Friday, August 24, 2012

Why Katniss Matters

Not Yet A Phoenix

In March of 2012, the world watched the first round of The Hunger Games unfold. The film adaptation of the novel by Suzanne Collins destroyed box office records, and ensured the remaining two books of the series will also be turned into movies. The book series dominated book shelves, and was to be found on the USA Today Best Seller list for more than 134 consecutive weeks. Scholastic Publishing reports sales in excess of 26 million for the series , a staggering amount of books for a society that allegedly no longer reads.  If you calculate the number of US residents between the ages of 5 and 18 at around 52 million, then we are to understand that nearly half of the target age group has at least a passing familiarity with the Hunger Games. The series has exceeded the bounds of children’s fiction. As an anecdote I am familiar with at least 4 grown men and women having enjoyed the written series, it is not for children alone. Much as Harry Potter before it, these Hunger Games have become cultural icons in the landscape of popular literature.

 It is a curious effect of written stories; stories engaged by active reading have far greater resonance with the consumer then do mere movies or television productions. The intuition available to us is obvious. Reading requires more time intentionally spent engaging with a story, reading a story requires a far greater time commitment then do movies. Reading series of books frequently surpasses even full length television series in time required for consumption. Books read intentionally for pleasure have a long lasting memory in the minds of the readers. While the ‘classics’ which required reading and dictated various assignments in educational settings are swiftly forgotten, books which present delight in turning the page are long remembered. Lord of the Rings, Dune, Atlas Shrugged, and more recent examples including Harry Potter embed themselves in both private and public consciousness in a manner different from films. Where intelligent discussion can take place following a movie, an intelligent discussion is nearly always the norm in a conversation where common ground can be found upon a good book. Novels may not reach as far, but they are accompanied by great depth of understanding and memory. This brings the Hunger Games back into view. Beware, in the lines to follow, there will be spoilers. 
This is why Katniss of District 12, Tribute to the Hunger Games, matters to the culture of tomorrow. Suzanne Collins has clearly struck a vibrant chord with her series. This is not only the product of engaging writing and a strong central character; it is a story that resonates with readers. The Hunger Games takes place in a dystopian future, wherein the North Americas and some undisclosed population of man have been divided into 12 subsidiary districts, with the Capitol of the Hegemony firmly astride the people. Every year, a male and female youth is randomly drafted or volunteers from each district, to participate in a widely televised death match with the others. These so called Tributes are permitted to apply their names into the draft pool to increase their supply of food to stave off starvation, and the games are used to remind the world of the consequences of insurrection. The sole winner is lauded, but is ultimately only a tool for control of the minds of the people.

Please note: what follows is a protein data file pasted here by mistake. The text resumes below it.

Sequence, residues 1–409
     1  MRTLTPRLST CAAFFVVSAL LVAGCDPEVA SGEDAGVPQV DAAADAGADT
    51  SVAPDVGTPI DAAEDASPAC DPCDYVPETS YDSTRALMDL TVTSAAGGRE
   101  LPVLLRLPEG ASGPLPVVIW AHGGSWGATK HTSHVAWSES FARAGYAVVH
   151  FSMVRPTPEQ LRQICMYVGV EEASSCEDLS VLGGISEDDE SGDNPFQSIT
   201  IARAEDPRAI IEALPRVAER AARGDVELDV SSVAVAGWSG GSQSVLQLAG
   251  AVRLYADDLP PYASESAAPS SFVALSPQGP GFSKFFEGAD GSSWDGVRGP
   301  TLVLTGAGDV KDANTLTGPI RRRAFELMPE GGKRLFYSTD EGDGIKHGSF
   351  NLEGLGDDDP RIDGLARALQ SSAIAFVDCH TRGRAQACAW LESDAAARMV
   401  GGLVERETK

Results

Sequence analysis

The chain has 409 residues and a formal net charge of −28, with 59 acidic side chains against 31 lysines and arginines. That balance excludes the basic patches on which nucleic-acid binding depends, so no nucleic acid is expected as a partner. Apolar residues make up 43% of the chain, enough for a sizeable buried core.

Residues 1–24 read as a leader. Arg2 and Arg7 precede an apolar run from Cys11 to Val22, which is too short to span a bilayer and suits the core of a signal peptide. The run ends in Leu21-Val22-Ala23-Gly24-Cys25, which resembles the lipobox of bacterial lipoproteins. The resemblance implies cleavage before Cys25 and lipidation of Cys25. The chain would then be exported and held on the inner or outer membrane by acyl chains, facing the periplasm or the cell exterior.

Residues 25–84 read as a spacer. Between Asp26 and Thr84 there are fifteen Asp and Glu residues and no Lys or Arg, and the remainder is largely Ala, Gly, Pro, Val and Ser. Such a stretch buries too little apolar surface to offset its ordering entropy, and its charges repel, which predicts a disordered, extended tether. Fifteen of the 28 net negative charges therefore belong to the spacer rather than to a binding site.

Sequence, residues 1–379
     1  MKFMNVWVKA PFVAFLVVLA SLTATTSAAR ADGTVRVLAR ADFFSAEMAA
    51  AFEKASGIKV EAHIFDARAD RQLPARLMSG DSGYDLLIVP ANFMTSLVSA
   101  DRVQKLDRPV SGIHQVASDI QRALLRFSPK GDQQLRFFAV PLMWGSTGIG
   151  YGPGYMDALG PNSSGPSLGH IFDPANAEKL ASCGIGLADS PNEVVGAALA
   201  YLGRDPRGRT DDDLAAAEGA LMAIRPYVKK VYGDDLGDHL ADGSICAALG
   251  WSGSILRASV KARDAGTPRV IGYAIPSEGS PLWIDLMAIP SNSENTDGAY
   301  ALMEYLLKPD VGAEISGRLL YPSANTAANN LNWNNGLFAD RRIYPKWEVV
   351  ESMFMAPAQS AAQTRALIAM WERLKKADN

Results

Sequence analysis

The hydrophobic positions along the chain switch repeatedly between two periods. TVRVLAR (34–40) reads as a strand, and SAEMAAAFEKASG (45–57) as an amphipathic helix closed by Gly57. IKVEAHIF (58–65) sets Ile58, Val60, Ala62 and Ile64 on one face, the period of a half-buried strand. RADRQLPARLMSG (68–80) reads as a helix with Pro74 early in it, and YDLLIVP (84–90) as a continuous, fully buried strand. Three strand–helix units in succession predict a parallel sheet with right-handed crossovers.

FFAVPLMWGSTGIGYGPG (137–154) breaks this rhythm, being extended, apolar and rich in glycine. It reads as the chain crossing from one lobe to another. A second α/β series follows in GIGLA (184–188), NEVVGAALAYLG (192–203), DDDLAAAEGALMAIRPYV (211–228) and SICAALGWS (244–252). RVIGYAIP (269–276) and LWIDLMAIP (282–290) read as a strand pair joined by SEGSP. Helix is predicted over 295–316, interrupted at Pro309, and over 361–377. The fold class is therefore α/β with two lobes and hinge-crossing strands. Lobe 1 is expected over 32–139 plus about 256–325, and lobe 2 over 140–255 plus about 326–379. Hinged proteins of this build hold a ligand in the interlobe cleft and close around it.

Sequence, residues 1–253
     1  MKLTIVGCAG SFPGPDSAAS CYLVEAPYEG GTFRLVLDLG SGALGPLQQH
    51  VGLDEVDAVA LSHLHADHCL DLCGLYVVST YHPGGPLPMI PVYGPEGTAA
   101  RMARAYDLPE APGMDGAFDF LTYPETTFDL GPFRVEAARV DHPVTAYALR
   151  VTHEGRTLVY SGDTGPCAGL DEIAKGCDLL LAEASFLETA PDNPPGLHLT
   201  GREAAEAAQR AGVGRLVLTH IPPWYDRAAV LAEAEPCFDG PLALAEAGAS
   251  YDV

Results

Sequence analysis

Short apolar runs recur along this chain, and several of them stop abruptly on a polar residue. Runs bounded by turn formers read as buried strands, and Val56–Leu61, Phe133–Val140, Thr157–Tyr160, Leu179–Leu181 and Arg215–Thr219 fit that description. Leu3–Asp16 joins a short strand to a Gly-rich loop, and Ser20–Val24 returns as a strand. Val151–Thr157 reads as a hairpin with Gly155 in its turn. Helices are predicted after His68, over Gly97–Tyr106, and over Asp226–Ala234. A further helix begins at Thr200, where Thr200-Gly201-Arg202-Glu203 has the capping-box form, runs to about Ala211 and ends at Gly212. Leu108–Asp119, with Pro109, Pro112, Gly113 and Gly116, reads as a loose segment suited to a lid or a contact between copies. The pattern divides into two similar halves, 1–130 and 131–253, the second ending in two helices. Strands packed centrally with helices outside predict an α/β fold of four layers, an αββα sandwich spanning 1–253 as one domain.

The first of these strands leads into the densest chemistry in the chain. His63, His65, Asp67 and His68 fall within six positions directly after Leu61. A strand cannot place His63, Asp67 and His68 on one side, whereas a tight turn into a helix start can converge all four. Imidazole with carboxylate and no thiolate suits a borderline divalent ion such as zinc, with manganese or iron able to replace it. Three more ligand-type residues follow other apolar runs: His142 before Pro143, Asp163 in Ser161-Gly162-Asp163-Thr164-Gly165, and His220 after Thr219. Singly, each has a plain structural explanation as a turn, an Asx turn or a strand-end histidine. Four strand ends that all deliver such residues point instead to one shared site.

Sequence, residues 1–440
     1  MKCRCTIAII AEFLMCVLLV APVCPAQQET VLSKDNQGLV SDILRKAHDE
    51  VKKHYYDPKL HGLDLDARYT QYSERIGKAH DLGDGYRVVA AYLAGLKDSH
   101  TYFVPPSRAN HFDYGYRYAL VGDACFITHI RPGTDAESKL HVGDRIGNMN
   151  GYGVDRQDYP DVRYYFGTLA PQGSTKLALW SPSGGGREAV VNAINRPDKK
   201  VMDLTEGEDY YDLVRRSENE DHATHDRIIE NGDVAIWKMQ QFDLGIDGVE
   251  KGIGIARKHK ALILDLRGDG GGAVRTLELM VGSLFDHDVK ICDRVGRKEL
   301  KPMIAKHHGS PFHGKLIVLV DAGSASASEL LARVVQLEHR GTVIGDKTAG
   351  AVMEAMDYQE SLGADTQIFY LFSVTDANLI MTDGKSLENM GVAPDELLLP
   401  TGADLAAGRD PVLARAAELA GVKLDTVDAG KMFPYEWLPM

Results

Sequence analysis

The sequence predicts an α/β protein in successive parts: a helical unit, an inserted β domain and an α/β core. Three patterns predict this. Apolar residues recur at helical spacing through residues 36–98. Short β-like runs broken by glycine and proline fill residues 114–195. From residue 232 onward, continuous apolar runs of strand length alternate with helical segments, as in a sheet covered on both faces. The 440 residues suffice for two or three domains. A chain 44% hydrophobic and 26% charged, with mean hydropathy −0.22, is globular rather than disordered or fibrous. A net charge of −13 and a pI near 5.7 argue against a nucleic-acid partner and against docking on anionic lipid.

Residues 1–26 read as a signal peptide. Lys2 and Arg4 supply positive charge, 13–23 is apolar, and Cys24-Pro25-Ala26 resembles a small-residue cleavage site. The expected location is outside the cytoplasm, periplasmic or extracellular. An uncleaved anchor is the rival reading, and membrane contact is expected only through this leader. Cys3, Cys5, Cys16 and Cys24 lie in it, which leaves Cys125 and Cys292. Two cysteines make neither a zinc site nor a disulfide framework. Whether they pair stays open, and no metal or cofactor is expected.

The texture of the world is part of what makes the story so compelling. A centrally directed economic system, nationalized industry, collective agriculture, state controlled food distribution, and walls to keep people in, are all indicative of tyranny by the state. The Hall of Justice used as a place where youth are selected to go to their deaths, showing that even a legitimate function of government has been corrupted by application of malignant law. A capitol thrives with wealth based on the taxation and repression of the other districts. People within the capitol live lives enriched only through the labor of others, while producing nothing but vanity and chaff in the wind.  

These themes of the world are not unfamiliar, indeed; many are far common in our own history, only recently having been supplanted with the upstart age of enlightenment. Katniss and other protagonists are willing to recognize this system, to recognize the both the symptoms and the cause of the world around them. Degradation of human life as a mere tool of the state is no way for life to be lived.  The apex of this particular story is a rejection of the state’s imposed rules, and a willingness to sacrifice all to save the lives of another. That the rules could be broken is a new revelation to many watching the games. It is a remarkable conclusion in a modern story. That the reader and the viewer find inspiration and hope in this should cause joy in the hearts of those eager for increases in liberties. There is still a yearning for liberty in the hearts and minds of Americans, and the youngest generation is not one in which we should have no hope. Katniss will resonate for a long time in the hearts of the young.

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